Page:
LOS ANGELES–The first Armenian all-day school in the United States–Holy Martyrs Ferrahian–was established over forty years ago. The network of Prelacy Armenian schools has been expanding ever since–and today a total of 2,736 boys and girls attend our seven preschools and six schools across California–from San Francisco to Orange County. The higher academic standards achieved by our schools and the growth of our community challenge us to further expand the network of our schools to better serve the educational needs of the new generation. We are charged to meet this challenge collectively with even greater commitment and perseverance. The more our schools accomplish–the more we must strive to surpass our own achievemen’s.
The Western Association for Schools and Colleges (WASC) has accredited all of our schools–and four of our pre-schools have National Association of Education of Young Children (NAEYC) accreditation. The students attending the Prelacy Schools have also been consistently progressing in terms of academic performance. This fact is evinced by students’ impressive performance in interscholastic competitions–the number of students receiving awards for academic excellence–the high acceptance rate of our seniors into first tier universities–and the merit-based scholarships that those same students receive.
The Board of Regents has embarked on a mission to further improve the overall quality of the Prelacy Schools in the community–with specific emphasis on professional development of our teachers and Armenian education. The Board has already taken steps toward realizing this goal–which entails preparing teachers who have not only mastered the material in their own fields–but who are also versed in contemporary teaching methods and approaches to learning. It is important for teachers to know and understand the psychology of Armenian students growing up in the multicultural American society.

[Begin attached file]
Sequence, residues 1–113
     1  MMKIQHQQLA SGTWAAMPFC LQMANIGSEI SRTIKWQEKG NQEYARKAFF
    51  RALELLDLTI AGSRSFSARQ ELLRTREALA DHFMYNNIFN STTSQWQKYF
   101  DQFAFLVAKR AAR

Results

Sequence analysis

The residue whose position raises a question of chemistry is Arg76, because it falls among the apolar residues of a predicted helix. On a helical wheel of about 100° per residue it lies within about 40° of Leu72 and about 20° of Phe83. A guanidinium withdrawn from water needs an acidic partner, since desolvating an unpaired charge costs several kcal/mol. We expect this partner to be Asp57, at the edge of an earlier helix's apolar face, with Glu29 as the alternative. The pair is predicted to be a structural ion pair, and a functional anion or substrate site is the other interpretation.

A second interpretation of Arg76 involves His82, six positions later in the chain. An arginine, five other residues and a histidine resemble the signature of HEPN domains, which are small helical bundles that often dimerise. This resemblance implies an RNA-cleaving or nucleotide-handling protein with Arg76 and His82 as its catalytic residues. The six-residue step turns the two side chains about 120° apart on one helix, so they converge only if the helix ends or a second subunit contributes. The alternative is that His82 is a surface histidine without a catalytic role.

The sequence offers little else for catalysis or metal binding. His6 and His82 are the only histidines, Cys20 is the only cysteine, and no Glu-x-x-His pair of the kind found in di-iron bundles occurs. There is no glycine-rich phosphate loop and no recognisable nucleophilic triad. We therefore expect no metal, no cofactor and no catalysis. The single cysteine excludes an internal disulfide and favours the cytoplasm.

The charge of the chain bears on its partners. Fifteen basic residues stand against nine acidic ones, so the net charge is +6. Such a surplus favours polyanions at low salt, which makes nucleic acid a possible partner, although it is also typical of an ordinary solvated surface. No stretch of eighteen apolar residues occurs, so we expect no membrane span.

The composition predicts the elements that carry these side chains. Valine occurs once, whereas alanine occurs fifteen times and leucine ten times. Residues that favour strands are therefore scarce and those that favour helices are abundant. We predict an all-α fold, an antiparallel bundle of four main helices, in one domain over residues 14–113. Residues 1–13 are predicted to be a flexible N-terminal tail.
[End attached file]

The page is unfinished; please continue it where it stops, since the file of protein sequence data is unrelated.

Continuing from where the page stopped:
In this regard–we have been organizing our own summer courses for Armenian subject teachers for the past two years. The weeklong Summer Institute provides the Armenian subject teachers with an opportunity to be introduced to teaching strategies by specialists–specifically focusing on methodology–Armenian language and literature–and contemporary teaching principles and techniques.
In addition–all of our teachers participate in an annual daylong seminar with experts in child education and psychology. Furthermore–in order to evaluate the role of the Armenian identity with respect to curricula and teaching methods–in June 2004–the Board of Regents organized a two-day conference titled "Armenian Education in North America: Reassessment in the Context of the Changing Armenian-American Identity" at Woodbury university. The participants of the conference included Armenian school principals–teachers–intellectuals–university professors–and students from the US and Canada. Finally–with the help of specialists in education and Armenian history–the Board of Regents also standardized the content and lesson plans for teaching our students about the Armenian genocide at all grade levels. In this way–a methodical–structured and incremental approach to teaching the Genocide was established throughout the course of students’ education. Last April–the standards–outlined in a 275-page document–were distributed to all of the Armenian schools in the US and Canada and will be subject to evaluation after the second year of their implementation.
Among the Board’s forthcoming projects and objectives is the development of a Standardized Test in Armenian language and history for grades 5th–8th–and 12th. The Board of Regents–in collaboration with the Education and Finance Councils–principals–directors and local committees is currently revising the Salary Scale of our teachers to improve their compensation–who deserve our respect and admiration for their dedicated and professional services. In addition–starting in May of this year–with the establishment of the Board of Regents newsletter–we hope to create a stronger bond between the community and the Prelacy Armenian Schools. The Board of Regents–as a result of the popular demand of the community–also intends to expand the Vahan and Anoush Chamlian Armenian School–currently serving first through eighth grades. This long-term project of adding a high school is estimated to cost more than $10 million.